Physics alumnus receives Fellowship from Woodrow Wilson Foundation

Author: Shelly Goethals


Marcus Hedahl, who graduated from Notre Dame with a bachelor’s degree in physics in 1995, has won a Charlotte W. Newcombe Doctoral Dissertation Fellowship from the Woodrow Wilson National Fellowship Foundation. Hedahl, a doctoral candidate in philosophy at Georgetown University, is one of 21 Fellows selected from 585 applicants. His dissertation, Owing It to Us: Duties Directed to One’s Own, deals with the duties that individuals owe to groups of which they are a member.

Hedahl went to work for NASA after he graduated from Notre Dame, then accepted a commission as a U.S. Air Force captain until 2006. He earned a master’s degree in philosophy from the University of Wisconsin – Milwaukee. Hedahl said his experience at Notre Dame – both rigorous big-picture study of physics and the campus emphasis on community – prepared him for the study that led to the dissertation.

"What drew me to physics were the fundamental questions about the way the world works and the way things operate; those same questions later drew me to philosophy” he said. “I definitely think both my scientific background and my time at Notre Dame have helped me in my philosophic studies. I think my scientific background helped develop the analytic skills and sense of inquiry and imagination required for modern philosophy. And, I think my time at Notre Dame as well as my time in the service, both with strong senses of community, has fundamental shaped my approach to philosophy."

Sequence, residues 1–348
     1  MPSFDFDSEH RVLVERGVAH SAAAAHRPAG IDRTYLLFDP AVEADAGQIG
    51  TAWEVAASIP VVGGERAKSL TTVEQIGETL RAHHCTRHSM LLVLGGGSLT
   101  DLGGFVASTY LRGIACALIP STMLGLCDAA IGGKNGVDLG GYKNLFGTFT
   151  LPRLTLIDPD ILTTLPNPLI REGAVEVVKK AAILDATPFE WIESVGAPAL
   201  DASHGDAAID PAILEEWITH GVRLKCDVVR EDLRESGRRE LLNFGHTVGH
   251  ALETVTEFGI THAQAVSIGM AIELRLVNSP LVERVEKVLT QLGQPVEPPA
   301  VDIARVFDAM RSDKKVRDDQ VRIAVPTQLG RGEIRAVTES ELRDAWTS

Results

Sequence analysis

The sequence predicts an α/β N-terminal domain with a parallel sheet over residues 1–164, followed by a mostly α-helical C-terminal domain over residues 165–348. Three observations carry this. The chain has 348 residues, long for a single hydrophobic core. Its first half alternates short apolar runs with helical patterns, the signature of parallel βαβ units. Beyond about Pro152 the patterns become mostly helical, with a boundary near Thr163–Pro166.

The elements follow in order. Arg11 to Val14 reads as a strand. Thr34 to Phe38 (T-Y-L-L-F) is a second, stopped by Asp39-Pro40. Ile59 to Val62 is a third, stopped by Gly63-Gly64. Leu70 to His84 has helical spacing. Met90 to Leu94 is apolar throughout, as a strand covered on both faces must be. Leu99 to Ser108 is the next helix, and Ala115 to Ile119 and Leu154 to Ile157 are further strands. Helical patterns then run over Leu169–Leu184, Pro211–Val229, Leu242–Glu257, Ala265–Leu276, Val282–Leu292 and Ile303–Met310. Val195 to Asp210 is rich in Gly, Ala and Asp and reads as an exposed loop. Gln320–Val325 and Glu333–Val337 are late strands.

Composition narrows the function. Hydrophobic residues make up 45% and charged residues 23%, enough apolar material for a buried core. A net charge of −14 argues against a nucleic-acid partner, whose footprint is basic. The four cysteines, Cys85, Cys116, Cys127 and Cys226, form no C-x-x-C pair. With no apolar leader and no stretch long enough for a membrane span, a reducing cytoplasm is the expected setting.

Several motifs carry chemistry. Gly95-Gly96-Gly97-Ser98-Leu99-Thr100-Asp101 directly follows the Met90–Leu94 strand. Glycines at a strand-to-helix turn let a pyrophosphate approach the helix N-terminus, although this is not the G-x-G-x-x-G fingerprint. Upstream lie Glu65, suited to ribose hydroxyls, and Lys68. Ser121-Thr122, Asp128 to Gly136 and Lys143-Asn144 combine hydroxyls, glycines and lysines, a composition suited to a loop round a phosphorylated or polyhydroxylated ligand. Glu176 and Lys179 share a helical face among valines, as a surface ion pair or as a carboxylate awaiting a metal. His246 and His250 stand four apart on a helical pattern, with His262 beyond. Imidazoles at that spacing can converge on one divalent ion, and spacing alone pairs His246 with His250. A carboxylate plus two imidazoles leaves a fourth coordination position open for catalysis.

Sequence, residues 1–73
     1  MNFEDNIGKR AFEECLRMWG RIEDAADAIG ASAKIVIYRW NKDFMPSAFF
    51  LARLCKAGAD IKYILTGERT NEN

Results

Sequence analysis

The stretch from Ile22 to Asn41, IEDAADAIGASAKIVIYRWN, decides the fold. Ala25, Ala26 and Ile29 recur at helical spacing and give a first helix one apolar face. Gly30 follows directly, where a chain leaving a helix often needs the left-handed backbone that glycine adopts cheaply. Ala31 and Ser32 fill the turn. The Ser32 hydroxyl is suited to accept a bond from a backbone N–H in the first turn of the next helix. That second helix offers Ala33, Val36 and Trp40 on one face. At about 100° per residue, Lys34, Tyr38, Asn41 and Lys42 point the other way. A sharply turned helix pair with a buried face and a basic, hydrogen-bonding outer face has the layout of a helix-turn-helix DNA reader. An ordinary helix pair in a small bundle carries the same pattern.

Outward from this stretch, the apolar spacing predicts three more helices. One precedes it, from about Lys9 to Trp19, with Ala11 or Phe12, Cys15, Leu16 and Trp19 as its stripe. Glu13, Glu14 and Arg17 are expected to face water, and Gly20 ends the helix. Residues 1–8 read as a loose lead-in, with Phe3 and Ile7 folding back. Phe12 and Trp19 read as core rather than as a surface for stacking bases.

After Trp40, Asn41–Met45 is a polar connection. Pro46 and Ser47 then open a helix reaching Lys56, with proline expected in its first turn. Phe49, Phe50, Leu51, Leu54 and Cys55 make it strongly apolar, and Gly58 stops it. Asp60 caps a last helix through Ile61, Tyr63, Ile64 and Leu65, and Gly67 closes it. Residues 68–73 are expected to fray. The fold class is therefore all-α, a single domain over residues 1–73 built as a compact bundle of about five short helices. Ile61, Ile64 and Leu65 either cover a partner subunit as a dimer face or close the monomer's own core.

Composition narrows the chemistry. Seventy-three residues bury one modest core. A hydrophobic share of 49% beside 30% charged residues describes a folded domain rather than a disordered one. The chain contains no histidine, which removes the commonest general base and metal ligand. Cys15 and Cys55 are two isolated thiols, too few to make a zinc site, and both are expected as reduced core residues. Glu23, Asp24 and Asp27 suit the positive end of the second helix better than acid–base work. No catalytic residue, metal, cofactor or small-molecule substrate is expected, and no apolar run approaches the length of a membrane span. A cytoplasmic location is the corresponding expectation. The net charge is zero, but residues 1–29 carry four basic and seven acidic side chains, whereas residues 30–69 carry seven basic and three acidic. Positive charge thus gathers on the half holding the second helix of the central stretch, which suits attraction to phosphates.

His research involves the moral relationship between groups and individuals, for example how individuals can be responsible for the large-scale collective harms such as those stemming from climate change and how groups such as corporations can be responsible for the actions of individuals. The 12-month, $25,000 Newcombe award supports Ph.D. candidates in the humanities and social sciences who are addressing questions of ethical and religious values.